Christmas is one thing, but the most devout Christians will tell you that Easter is the holiest day in the calendar year. It’s odd then, or perhaps typical, that it took horror filmmakers a long time to give Easter the same treatment given to Christmas, Valentine’s Day and Halloween. In recent years, they seem to be making up for that. Though if you notice, the twist on Easter-themed horror is often bunnies and eggs and not the holiday’s religious connotations.

EASTER BUNNY BLOODBATH is one of the recent SOV films that fits into this category and it fares better than most, thanks to some decent characters and a good sense of humor. The film starts out in the 1960s. Peter and his sister are splitting their Easter candy when little Peter spots the Easter Bunny(obviously and intentionally looking like a cheap costume) waving to him from the outside. He and his sister gleefully open their door, only to have the towering critter lop off the girl’s head.

Flash forward to 1987 and Peter (Shayan Bayat) has few memories of the incident. A helpful title card also informs us that he is “no longer white.” He returns to his old family home on Good Friday, bringing along his friends for company. But an ill-advised prank causes Peter to freak out a bit. As Peter looks outside into the woods, he swears he can see the Easter Bunny, lurking on the property. But is it a figment of his imagination or an old childhood enemy come to finish Peter off?

Yes, True Believers, what we have here is a slasher comedy inspired by HARVEY.

As previously mentioned, the cast of of endearing characters keeps things interesting. You know that few if any will make it out of the woods alive, but you still care a little more than your ordinarily would in this type of production. Perhaps it’s because the cast elevates the characters beyond stereotypical prototypes. One major exception to this rule: Chris J. Clements as an overzealous and possibly non-deputized ranger. While some of his actions are funny (love how he writes a ticket), Clements’ performance is too broad even for a film about a six-foot tall killer rabbit. It’s the kind of performance we’re used to seeing, clashing with EASTER BUNNY BLOODBATH’s tendency to cheerfully mix other elements up.

Director Richard Mogg inserts fantasy sequences and interesting directorial touches that keep things lively and interesting. This gives the film a wicked sense of humor. But EASTER BUNNY BLOODBATH isn’t all chuckles. In fact, the film veers between all-out comedy and some very dark moments of pathos and horror.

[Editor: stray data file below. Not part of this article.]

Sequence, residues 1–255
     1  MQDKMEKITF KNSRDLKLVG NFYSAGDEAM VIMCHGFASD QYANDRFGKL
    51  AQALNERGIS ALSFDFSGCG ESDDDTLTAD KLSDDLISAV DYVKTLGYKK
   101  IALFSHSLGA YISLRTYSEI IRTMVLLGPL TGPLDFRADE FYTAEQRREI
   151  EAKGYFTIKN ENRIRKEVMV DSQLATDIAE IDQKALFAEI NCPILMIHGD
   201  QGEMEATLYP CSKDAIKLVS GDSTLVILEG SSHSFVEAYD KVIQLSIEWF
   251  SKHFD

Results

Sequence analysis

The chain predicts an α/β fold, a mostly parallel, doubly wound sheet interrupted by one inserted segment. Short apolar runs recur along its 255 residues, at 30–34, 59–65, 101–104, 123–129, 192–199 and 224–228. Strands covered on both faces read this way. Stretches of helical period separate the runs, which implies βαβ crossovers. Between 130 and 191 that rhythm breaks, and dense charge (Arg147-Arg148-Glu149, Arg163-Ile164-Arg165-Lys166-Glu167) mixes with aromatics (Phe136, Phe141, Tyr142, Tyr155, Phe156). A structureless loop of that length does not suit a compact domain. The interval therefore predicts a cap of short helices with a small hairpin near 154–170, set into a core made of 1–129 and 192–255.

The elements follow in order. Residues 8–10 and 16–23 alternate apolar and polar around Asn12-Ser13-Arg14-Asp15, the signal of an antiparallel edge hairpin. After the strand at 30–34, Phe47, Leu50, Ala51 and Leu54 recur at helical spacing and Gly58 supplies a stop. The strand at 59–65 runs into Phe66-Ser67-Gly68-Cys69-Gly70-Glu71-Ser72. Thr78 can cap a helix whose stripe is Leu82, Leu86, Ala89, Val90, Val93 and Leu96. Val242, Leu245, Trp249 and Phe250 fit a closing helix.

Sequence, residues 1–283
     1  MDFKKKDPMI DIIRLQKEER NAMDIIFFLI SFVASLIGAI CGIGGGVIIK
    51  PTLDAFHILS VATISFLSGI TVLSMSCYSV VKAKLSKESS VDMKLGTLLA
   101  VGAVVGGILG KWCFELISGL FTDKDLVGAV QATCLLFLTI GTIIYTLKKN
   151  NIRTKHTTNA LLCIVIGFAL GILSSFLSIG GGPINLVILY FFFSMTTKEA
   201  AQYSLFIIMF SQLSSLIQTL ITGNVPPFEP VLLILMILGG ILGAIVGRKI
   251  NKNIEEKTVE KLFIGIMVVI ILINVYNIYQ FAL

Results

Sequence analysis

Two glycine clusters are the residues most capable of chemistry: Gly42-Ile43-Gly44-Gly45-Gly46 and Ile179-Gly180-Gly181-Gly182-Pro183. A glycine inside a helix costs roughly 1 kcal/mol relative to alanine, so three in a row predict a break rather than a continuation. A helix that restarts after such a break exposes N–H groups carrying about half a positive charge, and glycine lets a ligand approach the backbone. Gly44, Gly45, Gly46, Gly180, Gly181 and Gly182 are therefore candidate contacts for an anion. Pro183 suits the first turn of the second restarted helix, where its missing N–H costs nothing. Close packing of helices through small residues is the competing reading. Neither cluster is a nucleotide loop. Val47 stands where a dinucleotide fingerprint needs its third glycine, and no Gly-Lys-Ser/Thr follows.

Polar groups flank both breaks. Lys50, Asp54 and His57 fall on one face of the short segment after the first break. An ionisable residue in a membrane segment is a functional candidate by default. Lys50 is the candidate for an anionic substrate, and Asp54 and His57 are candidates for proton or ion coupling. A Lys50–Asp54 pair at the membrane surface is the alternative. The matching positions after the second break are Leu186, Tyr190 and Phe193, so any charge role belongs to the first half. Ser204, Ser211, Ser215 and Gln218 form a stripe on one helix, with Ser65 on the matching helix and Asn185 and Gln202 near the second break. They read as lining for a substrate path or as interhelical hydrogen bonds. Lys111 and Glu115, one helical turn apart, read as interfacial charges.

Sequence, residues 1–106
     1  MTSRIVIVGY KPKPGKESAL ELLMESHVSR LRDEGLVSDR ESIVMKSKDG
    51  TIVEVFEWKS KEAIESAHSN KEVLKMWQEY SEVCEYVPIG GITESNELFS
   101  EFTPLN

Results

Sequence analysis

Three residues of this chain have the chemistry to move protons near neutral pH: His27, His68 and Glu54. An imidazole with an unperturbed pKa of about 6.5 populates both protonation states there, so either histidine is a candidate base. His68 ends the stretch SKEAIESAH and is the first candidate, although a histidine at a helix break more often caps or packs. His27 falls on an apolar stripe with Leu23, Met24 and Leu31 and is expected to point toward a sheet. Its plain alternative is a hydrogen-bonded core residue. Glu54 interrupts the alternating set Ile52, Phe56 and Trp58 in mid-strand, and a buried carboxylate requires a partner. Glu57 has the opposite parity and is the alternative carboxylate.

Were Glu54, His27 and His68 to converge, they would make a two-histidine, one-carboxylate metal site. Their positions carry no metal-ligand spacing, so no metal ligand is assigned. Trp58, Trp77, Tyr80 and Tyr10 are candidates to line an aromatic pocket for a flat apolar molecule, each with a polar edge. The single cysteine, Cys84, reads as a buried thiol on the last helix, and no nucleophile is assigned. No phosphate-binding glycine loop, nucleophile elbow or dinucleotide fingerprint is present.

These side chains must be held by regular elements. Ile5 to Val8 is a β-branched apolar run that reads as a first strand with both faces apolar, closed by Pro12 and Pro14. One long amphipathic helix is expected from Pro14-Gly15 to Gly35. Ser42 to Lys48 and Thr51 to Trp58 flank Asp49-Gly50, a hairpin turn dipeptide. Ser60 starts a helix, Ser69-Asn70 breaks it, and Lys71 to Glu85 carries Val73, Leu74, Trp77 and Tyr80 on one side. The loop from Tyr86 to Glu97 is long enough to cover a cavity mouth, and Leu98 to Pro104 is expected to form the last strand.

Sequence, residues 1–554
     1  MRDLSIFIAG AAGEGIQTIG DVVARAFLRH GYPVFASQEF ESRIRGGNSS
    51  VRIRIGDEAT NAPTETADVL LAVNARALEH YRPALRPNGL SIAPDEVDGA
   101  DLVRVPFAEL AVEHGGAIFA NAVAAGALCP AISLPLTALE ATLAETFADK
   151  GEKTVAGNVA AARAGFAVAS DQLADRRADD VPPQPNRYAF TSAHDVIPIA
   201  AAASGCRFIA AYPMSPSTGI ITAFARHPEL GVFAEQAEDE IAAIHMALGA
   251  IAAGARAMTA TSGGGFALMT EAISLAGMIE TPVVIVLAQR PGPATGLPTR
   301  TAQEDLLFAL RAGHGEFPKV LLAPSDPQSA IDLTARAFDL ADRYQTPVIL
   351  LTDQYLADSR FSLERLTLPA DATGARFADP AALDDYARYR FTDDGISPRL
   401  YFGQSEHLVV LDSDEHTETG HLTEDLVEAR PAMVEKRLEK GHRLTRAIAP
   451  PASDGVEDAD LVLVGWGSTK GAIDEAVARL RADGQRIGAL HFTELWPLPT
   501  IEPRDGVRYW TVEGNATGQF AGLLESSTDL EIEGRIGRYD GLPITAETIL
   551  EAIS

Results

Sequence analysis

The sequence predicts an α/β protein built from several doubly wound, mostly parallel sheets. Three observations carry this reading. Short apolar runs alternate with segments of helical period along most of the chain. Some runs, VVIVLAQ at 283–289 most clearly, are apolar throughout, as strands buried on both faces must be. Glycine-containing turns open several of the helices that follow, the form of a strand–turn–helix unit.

EASTER BUNNY BLOODBATH is both an SOV horror comedy and a salute to the aesthetic that originally made these types of films possible. It’s no classic that will be mentioned in the same reverence as MY BLOODY VALENTINE or SILENT NIGHT, DEADLY NIGHT. But it’s not unlike a dark chocolate cream egg. Sweet and gooey on the inside, dark and bitter on the outside.  Recommended.



For the month of October, I and a number of other people are taking part in the 31 Days of Horror Challenge. Each day in October, we watch one horror film and share our opinions through social media. Because my reviews tend to run longer than what they’re supposed to, and because I never know when to stop myself, I’ll also be posting my reviews here as part of Moviocrity.com’s revitalization efforts.


  • What was the film trying to accomplish and how well did it meet those goals? 
  • In addition to (or sometimes despite) that, how does the film hold up on sheer entertainment value?

The Best – Reserved for the absolute cream of the crop.
Highly Recommended – Very good. Far better than your typical film and one that I will remember for some time.
Recommended – Just what it says. This is a good film and earns a recommendation. Don’t think that because it’s not one of the top two categories that these films aren’t worth your time. The “recommended” tag is a winner and nothing to sneer at.
Barely Recommended – The middle of the road. Those films where I didn’t feel it was a complete waste of time, but it didn’t set my world on fire either. Not bad, but leaves me feeling bored and/or apathetic.
Disappointing – Close but no cigar. Does a few things right but is ultimately a whole lot of wasted potential. Not recommended.
Awful – A bad movie. Pure and simple. Not worth your time.
The Worst – The Britta Perry of ratings, though not as entertaining. The bottom of the barrel.

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